Thursday, December 23, 2004

Israeli apartheid

Anti-Arab discrimination in Israel:

Adel Kaadan is standing by the side of a potholed road surrounded by puddles of sewage. "Can you smell it now?" he asks. "My children have to pass this way every day on their way to their classes.

"When I took my eldest daughter for her first day at school I saw that the roof was stuffed with asbestos."

We are walking around Baqa al-Gharbiyah, an Arab town in northern Israel about an hour's drive from Tel Aviv.

As head nurse at a nearby hospital Mr Kaadan is well aware of the health risks in his hometown. But it is not just the rubbish, the asbestos and the sewage - the whole place reeks of neglect.

In one neighbourhood the streets end abruptly with a wall of concrete and barbed wire - Baqa is sliced in half by Israel's new security fence.

"There's nothing to do here - no cinemas, no swimming pool, hardly any sports facilities. So most young people either turn to Islamic fundamentalism or start taking drugs," says Mr Kaadan.

It is not the kind of place he wants to raise his four daughters, aged four to 15, so for almost a decade he has been fighting for the right to move to a Jewish community a few miles away on heavily subsidised, state-owned land.

Things are very different on the Jewish side of the fence:

Katzir is a gated suburban paradise, perched on a hilltop. It was set up in 1982 by the quasi-governmental Jewish Agency as a bulwark against the surrounding Israeli Arab villages in the valley below.

Resident Gila Levy takes me on a tour of the tidy streets and immaculate gardens filled with brightly coloured flowers.

She boasts that Katzir is a cosmopolitan place and shows me dozens of new houses built by families from as far afield as Argentina and the former Soviet Union.

Then she takes me to a spot with breathtaking views.

"On a clear day you can see the Mediterranean and at night you can see the green lights and hear the calls to prayer from all the mosques down there," she says.

"I like that. It gives this place a very special atmosphere".

But although Gila is happy to live next to Arabs, she doesn't want them to share her community. She says many other residents feel the same way.

Apparently Israelis feel that Arabs should live with their own kind:

Adel Kaadan first heard about Katzir in 1995 after a Hebrew language newspaper advertised for new residents.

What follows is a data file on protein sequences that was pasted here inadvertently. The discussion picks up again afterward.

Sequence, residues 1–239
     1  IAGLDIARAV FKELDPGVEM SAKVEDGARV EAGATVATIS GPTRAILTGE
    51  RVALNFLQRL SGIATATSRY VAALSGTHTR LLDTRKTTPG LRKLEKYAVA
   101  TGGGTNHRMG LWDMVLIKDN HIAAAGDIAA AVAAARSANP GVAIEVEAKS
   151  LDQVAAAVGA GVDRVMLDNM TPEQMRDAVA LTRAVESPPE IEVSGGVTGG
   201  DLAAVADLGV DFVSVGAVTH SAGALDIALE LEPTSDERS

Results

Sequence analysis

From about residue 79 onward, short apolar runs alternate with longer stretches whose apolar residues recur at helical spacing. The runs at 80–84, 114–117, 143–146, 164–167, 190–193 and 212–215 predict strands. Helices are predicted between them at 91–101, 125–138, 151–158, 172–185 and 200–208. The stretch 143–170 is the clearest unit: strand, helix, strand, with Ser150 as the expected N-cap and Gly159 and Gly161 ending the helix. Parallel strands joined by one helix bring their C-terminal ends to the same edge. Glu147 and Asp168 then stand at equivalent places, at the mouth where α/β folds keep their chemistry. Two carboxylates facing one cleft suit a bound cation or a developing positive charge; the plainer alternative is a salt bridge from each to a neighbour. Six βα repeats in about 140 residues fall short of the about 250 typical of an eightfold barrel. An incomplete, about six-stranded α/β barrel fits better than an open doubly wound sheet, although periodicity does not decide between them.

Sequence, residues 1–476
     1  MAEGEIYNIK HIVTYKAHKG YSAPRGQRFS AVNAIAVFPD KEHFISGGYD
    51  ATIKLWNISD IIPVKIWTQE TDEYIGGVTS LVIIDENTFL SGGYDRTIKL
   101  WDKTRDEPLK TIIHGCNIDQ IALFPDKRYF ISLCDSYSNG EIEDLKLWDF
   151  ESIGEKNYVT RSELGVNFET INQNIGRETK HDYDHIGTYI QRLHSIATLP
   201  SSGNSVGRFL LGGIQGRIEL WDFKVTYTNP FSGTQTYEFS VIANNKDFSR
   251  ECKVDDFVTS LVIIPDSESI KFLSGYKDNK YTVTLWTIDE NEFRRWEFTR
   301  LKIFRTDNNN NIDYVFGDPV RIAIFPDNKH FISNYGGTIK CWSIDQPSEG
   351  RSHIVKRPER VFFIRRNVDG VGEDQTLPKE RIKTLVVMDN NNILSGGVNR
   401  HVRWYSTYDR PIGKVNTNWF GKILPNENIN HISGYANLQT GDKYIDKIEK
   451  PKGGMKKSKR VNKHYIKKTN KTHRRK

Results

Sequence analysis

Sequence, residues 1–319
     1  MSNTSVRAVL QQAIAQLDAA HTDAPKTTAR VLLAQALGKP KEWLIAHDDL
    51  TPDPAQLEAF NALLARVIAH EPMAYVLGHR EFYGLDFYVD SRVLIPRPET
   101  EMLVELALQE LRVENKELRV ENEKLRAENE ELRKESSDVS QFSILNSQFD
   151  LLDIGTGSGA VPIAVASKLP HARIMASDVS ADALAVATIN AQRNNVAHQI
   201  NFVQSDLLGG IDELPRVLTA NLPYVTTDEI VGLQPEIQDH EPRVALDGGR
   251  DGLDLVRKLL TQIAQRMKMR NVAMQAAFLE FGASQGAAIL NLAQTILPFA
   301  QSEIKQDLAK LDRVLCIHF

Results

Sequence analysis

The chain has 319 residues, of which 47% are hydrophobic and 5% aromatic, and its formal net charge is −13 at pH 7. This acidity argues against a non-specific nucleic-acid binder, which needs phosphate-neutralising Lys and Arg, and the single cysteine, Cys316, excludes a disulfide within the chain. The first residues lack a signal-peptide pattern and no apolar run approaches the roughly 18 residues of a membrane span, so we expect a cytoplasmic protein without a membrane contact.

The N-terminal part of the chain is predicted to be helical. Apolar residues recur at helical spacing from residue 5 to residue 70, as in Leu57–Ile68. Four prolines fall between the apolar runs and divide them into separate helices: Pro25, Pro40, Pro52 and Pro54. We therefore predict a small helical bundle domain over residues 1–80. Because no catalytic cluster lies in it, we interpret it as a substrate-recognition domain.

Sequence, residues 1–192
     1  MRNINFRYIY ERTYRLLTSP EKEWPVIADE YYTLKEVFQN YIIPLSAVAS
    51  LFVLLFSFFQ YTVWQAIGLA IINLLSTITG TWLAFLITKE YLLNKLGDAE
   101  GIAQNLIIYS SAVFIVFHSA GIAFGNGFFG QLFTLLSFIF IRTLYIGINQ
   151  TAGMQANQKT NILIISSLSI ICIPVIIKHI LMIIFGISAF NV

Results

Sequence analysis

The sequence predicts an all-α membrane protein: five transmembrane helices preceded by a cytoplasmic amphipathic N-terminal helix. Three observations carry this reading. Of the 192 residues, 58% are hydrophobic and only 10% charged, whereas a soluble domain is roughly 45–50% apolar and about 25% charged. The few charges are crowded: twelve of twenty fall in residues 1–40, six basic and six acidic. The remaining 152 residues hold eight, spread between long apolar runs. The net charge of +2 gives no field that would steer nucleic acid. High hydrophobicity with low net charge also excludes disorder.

"I went up there to find out more and at first people were friendly because they knew me from the hospital in Hadera - they were ex-patients of mine," he says.

"But when they found out that I wanted to buy a plot of land, their behaviour changed. Some of them became very hostile. It felt like a slap in the face".

At first the Katzir council simply dismissed Mr Kaadan as "socially unsuitable".

When pressed on his reasons for opposing the application, Mayor Yacoov Armor says he doesn't believe that Mr Kaadan or his family really want to integrate with Jews.

"Why would a Muslim want to observe Jewish holidays or send his children to our schools? He just wants to destroy our community by destroying our rules," he says.

Mr Kaadan, a secular Muslim, insists he doesn't mind if his children observe Jewish customs and holidays so long as they get a decent education.

A court ruling in Kaadan's favor allowed him to buy land in Katzir but now the Israelis want to change the law to make it illegal for other Arabs to do so:

Earlier this month some members of the Knesset tried to introduce a new bill which would circumvent the Supreme Court verdict and once again allow for exclusively Jewish communities on state land.

The bill was narrowly defeated and the former Justice Minister Tommy Lapid said he opposed it because "it smelled of apartheid".

So on paper Mr Kaadan remains the winner. In practice though bureaucrats are dragging their feet. There is still no lease and he hasn't started building his house.


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